Fun Fact: Masters Law Group is highly experienced with Hague Convention cases, with clients not only in the Greater Chicagoland area, but also across the United States in Washington, Hawaii and Wisconsin. 

Here’s what you need to know about the defenses to the Hague Convention.

What is the Hague Convention? 

The Hague Convention on Civil Aspects of International Child Abduction, codified as ICARA, allows a parent whose child has been wrongfully removed from or retained in the United States to petition for the child’s return to his or her country of habitual residence.

This treaty was developed by the Hague Conference on October 25, 1980, and went into effect on December 1, 1983. There were two specific goals in mind for Hague Services:

  • Create a means to ensure that judicial and extrajudicial documents to be served abroad can be brought to the notice of the addressee in sufficient time.
  • Improve the organization of mutual judicial assistance.

The removal of a child is “wrongful” whenever it breaches the rights of the person who has custody attributed to them at the time of removal. Even if a parent already has legal custody of a child, the Convention is needed. This is because U.S. court orders are not always recognized in other countries and sovereign nations can’t interfere with each other’s legal systems, judiciaries, or law enforcement. 

Under the Convention on the Civil Aspects of International Child Abduction and the International Child Abduction Remedies Act (ICARA), when a child has been wrongfully removed from his or her home country, the court must order the child to be returned to his or her home country, unless the party removing the child can establish at least one of six narrow affirmative defenses.

Six Defenses of the Hague Convention

Here are the following defenses to claim wrongful removal under the Hague Convention:

Defense 1: That the petitioner (parent seeking the return of the child) was not “actually exercising custody rights at the time of the removal or retention” under Article 13.

Defense 2: That the petitioner “had consented to or acquiesced in the removal or retention” under Article 13.

Defense 3: That more than one year passed from the time of the wrongful removal or retention until the date the petitioner commenced a judicial or administrative proceeding for the return of the child, under Article 12.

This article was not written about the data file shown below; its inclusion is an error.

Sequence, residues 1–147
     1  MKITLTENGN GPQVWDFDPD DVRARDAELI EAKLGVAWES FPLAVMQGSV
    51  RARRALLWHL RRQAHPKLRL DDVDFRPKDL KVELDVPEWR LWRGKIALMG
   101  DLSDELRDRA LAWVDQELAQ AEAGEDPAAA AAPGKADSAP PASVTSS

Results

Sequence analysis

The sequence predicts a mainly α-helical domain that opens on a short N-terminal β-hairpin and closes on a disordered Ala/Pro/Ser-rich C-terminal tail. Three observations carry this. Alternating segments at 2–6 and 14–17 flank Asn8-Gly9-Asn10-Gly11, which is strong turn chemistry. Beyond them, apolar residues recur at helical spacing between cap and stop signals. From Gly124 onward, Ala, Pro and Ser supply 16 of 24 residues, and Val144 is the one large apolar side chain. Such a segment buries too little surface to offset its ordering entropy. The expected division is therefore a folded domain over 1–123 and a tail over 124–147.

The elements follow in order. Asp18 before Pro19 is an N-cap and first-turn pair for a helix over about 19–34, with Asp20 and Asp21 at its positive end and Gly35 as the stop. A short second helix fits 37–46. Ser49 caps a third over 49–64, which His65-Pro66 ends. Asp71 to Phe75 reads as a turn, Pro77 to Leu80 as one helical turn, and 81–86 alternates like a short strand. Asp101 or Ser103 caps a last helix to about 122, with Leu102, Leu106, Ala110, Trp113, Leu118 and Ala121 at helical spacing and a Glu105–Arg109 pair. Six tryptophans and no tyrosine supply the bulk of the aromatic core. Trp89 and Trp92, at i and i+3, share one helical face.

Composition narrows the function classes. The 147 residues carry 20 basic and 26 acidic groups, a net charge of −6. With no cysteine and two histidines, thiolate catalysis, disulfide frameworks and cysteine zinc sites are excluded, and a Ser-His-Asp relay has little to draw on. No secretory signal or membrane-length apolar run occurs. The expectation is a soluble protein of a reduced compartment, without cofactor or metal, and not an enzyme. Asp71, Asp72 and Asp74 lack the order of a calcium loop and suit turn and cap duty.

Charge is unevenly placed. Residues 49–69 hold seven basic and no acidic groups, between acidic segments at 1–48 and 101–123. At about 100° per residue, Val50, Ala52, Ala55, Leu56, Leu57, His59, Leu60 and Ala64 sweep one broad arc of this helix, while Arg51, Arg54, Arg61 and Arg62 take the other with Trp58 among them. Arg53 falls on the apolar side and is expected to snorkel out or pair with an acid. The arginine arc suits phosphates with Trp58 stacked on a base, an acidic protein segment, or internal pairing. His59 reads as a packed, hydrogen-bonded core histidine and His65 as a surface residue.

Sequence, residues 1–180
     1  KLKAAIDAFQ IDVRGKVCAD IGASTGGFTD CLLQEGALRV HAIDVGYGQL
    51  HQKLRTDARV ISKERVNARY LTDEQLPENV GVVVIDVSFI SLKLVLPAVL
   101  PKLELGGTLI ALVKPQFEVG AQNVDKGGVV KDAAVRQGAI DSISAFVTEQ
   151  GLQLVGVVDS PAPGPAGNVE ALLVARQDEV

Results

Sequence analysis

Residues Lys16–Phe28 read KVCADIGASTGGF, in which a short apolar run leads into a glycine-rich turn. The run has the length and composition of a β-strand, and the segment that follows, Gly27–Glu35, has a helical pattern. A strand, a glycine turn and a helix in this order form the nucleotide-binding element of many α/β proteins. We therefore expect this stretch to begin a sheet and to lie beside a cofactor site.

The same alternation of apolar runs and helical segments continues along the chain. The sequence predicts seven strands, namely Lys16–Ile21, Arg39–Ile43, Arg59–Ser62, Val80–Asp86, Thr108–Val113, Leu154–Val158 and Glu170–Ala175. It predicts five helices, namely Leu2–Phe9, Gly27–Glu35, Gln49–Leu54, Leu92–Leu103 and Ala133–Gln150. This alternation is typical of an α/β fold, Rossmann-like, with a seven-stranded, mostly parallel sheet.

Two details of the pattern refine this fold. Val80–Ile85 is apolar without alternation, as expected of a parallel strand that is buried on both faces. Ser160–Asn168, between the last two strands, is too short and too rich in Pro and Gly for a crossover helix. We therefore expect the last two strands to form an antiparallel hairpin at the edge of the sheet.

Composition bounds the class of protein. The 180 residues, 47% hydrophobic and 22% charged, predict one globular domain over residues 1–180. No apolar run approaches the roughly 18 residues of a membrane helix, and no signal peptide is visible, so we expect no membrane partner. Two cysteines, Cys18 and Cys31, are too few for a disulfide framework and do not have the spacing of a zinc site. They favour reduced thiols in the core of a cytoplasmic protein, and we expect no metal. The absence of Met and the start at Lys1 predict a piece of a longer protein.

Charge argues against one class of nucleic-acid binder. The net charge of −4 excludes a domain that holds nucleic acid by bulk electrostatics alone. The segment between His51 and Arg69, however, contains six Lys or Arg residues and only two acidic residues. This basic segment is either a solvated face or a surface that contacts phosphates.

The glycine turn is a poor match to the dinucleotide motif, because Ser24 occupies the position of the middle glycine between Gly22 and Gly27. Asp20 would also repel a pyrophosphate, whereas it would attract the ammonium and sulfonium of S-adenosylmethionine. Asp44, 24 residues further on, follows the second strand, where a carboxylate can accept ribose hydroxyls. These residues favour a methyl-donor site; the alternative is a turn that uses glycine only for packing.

Defense 4: That the child is old enough and has a sufficient degree of maturity to knowingly object to being returned to the petitioner and that it is appropriate to heed that objection, under Article 13.

Defense 5: That “there is grave risk that the child’s return would expose the child to physical or psychological harm or otherwise place the child in an intolerable situation,” under Article 13(b), and

Defense 6: That return of the child would subject the child to violation of basic human rights and fundamental freedoms, under Article 20.

It’s important to note, you should make International Custody Agreements & Parenting Time schedules before you relocate your child/children. U.S. Courts will need to determine the best interest of the child before you do so. 

If you believe your child has been wrongfully removed to a country overseas, or if you would like to move your child out of the U.S. you should contact your trusted family law attorney immediately.  Your attorney can explain the proper steps for handling this matter and guide you toward a just outcome.

How Masters Law Group Can Help

Parents face many obstacles when it comes to seeking judicial intervention in the US for the return of their children.  Erin Masters and Anthony Joseph have extensive experience in cases involving international child custody disputes in both courts located in the State of Illinois and the United States federal court system.

Our Family Law Firm has extensive knowledge and experience with The Hague Convention which provides that a parent whose child has been wrongfully removed from or retained in the United States may petition for the child’s return to his or her country of habitual residence. Our clients span across the entire Unites States, from Washington to Wisconsin; so you can rest assured knowing the experienced Masters Law Group attorneys are fighting for you and your family.

Check out our Featured Hague Decisions:

If you are faced with the terrifying scenario of International Parental Child Abduction, contact your trusted Chicago attorneys at Masters Law Group here today to schedule a consultation.

Help Prevent International Parental Abduction with Supervised Visitation

If you are concerned your ex partner is at flight risk overseas with your child, supervised supervision could be beneficial. Here’s what you need to know…

Following a separation or divorce, particularly when relations are acrimonious, parental child abduction cases are an important factor to consider. Child abduction cases—particularly those involving international borders—are complex and extremely time-sensitive and require immediate action.